“The more people we can get vaccinated, the less we’ll see it spreading in our communities.” Sutton said.

There are several different flu vaccines available, including three higher dose options that are recommended, in particular, for people 65 and older who are at higher risk for complications.

Respiratory syncytial virus, or RSV for short, is a single virus that transmits through coughing, sneezing and touching contaminated surfaces. It’s usually mild and is one of the most common causes of a cold in children. In some cases though, it can cause lung infections like bronchiolitis or pneumonia, particularly in children under 2. Each infected person tends to spread it to three others — so it’s more contagious than flu, less contagious than COVID.

Most RSV infections go away on their own in a week or two and can be managed with proper nutrition, hydration, sleep and use of over-the-counter medication

Young children, especially those under 6 months, are more likely to experience complications. Preterm infants, infants with congenital heart or lung conditions, and infants with asthma are at the highest risk.

That’s in part due to their smaller airways and inability to blow their noses, said Eliza Hayes Bakken ‚a pediatrician and medical director of the pediatrics clinic at OHSU Doernbecher Children’s Hospital.

“Babies can literally look like they are kind of drowning in snot,” she said. “Suctioning them so they can get some breaths through their nose and they can feed a little bit better is one of our major interventions that we do for infants.”

Runny nose, decrease in appetite, coughing, sneezing, fever, wheezing and labored breathing are signs of RSV. Symptoms usually appear in stages, not all at once. In young infants with RSV, the only symptoms may be irritability, decreased activity and breathing difficulties, according to the CDC.

Some states are reporting surges in RSV-related clinic and hospital visits. The Oregon Health Authority declared the official onset of RSV season last week based on the number of tests coming back positive.

Because RSV largely stopped spreading during the pandemic, Sutton said there’s likely a larger pool of kids being exposed to it for the first time.

“So essentially we’re worried that a broader range of ages might experience that severe disease,” Sutton said.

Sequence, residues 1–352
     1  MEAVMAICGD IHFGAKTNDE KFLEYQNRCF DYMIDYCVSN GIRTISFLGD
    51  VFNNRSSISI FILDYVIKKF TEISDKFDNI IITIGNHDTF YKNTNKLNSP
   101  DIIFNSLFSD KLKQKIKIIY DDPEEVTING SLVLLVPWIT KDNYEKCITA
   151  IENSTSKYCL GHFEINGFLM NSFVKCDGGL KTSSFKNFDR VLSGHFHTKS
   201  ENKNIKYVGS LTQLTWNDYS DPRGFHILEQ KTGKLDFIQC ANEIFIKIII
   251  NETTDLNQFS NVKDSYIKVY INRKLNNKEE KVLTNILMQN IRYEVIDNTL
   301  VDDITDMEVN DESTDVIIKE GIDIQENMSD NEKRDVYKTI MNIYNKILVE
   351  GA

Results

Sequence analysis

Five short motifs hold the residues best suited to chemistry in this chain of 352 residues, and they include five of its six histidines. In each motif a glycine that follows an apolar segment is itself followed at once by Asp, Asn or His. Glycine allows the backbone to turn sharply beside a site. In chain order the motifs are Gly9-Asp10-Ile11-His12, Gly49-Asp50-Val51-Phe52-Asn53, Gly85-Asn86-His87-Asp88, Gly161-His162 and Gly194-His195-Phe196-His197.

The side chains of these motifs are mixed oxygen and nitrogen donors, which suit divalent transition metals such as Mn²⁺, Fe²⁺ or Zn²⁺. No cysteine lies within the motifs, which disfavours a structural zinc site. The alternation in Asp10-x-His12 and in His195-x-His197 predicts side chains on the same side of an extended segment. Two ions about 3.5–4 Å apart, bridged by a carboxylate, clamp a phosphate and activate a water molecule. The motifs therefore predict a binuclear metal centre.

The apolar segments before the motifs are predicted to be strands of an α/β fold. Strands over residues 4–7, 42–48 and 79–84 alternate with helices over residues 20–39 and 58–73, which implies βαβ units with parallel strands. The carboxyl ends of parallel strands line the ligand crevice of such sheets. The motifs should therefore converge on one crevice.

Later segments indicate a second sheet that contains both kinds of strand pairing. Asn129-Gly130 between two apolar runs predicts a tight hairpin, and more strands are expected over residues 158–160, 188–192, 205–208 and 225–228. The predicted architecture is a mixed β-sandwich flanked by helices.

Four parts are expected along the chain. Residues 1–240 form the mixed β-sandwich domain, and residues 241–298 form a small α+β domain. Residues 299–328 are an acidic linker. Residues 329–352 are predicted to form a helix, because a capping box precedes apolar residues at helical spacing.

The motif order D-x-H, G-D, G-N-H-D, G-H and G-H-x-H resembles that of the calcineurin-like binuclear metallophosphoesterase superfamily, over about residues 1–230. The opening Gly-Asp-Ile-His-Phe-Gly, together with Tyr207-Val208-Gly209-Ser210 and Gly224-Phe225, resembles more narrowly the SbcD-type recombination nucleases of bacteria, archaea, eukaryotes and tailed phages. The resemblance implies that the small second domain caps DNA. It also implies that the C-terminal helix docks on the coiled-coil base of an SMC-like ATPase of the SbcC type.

There’s also the phenomenon known as waning immunity, where lack of exposure to a virus can reduce antibodies and the immune response. It could affect nursing infants whose mothers’ immunitymay have waned, making them less likely to pass protective antibodies through breast milk.

However, Hayes Bakken said parents shouldn’t put too much stock in news reports of surges in RSV. It’s normal for some RSV seasons to be bad and others mild. Furthermore, Hayes Bakken said if your child delayed getting RSV during the pandemic and is now coming down with it for the first time, that’s likely to their advantage.

“I would rather your healthy 3-year-old get RSV for the first time than your 2-month old,” she said. “The vast majority of kids who are having a tough time of it are the kids who have a tough time of it every year.”

Hayes Bakken also suspects that part of why so many more parents are bringing toddlers with RSV into clinics is because people who became new parents during the pandemic have less experience helping children get through fevers and respiratory viruses at home.

There is no vaccine for RSV, so people who want to avoid it should consider wearing a mask if they’re in a crowded indoor environment. If you live with a child under 2, having adults and older children in the household mask in crowded indoor environments can reduce the risk of transmission.

And if you have an infant under 6 months or a young child with underlying conditions, consider limiting the number of visitors in your household during RSV season. Hayes Bakken said she tells parents of young infants to minimize the number of people who come to meet the new baby and to avoid large gatherings. On the other hand, if there’s a small circle of family and friends helping out with the new baby, that’s worth the risk.

Hand washing is also a more effective and important tool against RSV transmission than it is for COVID and people are advised to wear a mask if they have a runny nose to keep others from getting sick.

Copyright 2022 Oregon Public Broadcasting. To see more, visit Oregon Public Broadcasting.

Amelia Templeton is a multimedia reporter and producer for Oregon Public Broadcasting, covering Portland city hall, justice and local news. She was previously a reporter for EarthFix, an award-winning public media project covering the environment in the Northwest.